Tyler Cavanagh, Development Associate
On Friday, September 27th the B-READY students participated in Hispanic Heritage Day, celebrating culture and identity while learning about being leaders. The students in our Youth Leadership Corps (YLC) program (grades 6-8) took the lead on developing a program of activities for our LEARN students (grades 1-5) as part of National Hispanic Heritage Month, which runs September 15th through October 15th 2019. Activities included students creating coloring cooks with flags, images, and famous quotes that reflect Hispanic culture and history, decorating “flag” cookies to represent their own culture, as they define themselves, and outdoor play.
Lead by the YLC Program Coordinator, Latasha Scott, staff provided support for their middle school students, but ultimately let them take the spotlight in running the program. The YLC students experienced first-hand just how much work goes into running programming for over 60 youth, and staff got to see their transition from nervous excitement to pride as they realized the impact that their activities had on the students. The students prepped materials, gave instructions (in English and in Spanish), facilitated the activities, and supported their younger counterparts in an afternoon filled with laughter and fun.
Over 50% of the participants at St. Stephen’s Youth Programs are Hispanic so it is critical that we celebrate their culture and bring these types of events to our community. Speaking with Latasha about the importance of the day, she was excited to talk about why the YLC team hosted the event: “The impact I hope it had on the LEARN students was that these cultures look different but share many different aspects of identities, whether that be through art, like making coloring books, or cooking and just having fun. The impact that I hope it had on YLC was to understand the importance of helping our next generation share their culture and be proud to embrace it.”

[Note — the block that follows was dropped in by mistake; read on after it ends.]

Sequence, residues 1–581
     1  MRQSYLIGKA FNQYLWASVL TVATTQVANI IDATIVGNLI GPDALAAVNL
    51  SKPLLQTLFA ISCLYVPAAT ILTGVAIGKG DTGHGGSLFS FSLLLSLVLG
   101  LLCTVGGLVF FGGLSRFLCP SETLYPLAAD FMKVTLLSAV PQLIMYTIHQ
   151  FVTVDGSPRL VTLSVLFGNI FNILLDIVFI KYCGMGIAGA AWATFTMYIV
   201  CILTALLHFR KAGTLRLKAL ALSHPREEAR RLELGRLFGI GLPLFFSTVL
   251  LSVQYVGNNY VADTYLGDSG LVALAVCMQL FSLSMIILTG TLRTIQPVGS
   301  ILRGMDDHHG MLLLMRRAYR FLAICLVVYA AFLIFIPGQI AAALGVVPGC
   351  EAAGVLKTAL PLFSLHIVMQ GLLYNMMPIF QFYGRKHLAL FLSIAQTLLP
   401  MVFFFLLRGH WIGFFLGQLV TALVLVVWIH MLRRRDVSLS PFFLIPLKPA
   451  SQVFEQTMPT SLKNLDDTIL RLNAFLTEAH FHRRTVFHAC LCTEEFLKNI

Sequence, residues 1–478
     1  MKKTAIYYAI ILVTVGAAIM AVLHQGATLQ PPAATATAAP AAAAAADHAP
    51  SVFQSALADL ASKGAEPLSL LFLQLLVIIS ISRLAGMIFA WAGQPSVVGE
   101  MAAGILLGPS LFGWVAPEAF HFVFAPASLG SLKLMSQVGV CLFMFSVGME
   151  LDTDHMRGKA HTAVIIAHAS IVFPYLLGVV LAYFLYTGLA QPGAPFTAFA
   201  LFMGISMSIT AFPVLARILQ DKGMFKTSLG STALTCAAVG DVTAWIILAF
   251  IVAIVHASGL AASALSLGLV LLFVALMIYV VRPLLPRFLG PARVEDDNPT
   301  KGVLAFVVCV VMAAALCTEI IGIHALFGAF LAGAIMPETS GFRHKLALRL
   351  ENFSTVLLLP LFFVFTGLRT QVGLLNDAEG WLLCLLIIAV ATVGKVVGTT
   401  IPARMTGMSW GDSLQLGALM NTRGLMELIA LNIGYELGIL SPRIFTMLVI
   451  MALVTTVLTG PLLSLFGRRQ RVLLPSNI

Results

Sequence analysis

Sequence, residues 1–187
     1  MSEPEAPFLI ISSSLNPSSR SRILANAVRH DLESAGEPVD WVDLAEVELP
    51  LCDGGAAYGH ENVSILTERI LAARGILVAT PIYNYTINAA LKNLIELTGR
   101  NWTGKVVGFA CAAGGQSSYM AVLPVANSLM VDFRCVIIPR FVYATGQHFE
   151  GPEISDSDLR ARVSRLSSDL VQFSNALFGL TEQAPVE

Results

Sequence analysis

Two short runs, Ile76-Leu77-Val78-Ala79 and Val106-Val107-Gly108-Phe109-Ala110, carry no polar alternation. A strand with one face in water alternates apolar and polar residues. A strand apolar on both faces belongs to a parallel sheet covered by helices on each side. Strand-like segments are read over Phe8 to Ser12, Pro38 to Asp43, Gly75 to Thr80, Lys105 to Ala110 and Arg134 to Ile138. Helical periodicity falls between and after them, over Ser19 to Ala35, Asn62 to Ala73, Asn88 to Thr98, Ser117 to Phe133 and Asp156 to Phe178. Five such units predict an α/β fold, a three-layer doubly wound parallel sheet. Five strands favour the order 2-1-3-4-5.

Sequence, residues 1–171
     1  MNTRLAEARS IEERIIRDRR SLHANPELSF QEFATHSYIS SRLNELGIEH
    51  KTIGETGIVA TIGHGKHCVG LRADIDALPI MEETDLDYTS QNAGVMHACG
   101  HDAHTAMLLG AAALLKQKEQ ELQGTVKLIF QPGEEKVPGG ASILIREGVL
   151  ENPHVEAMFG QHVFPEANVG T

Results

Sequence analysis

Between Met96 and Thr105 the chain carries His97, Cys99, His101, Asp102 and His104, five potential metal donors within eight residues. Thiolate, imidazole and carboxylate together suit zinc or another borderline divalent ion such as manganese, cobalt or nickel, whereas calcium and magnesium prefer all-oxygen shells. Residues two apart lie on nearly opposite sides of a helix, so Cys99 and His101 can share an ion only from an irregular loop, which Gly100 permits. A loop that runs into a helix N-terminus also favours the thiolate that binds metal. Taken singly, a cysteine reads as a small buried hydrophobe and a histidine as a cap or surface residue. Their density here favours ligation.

Watching the LEARN students engage with each other with meaningful conversations culture and identity was a powerful sight, but the YLC students were the real stars of the day, sharing the knowledge and appreciation for the cultures that define our community and showing their leadership skills in action.
Tyler holds a bachelor's degree in music with a concentration in vocal performance from Westfield State University. With over 15 years of experience in youth work, including licensed camps and childcare, teen leadership programming, mentoring, and arts education, Tyler is excited to bring his experience to the development side of the table. He has a passion for building community and creating opportunities to celebrate diversity and inclusion in all ages but especially in young people. Tyler currently lives on the South Shore where he is an active performer in community theatre, choirs, and recitals.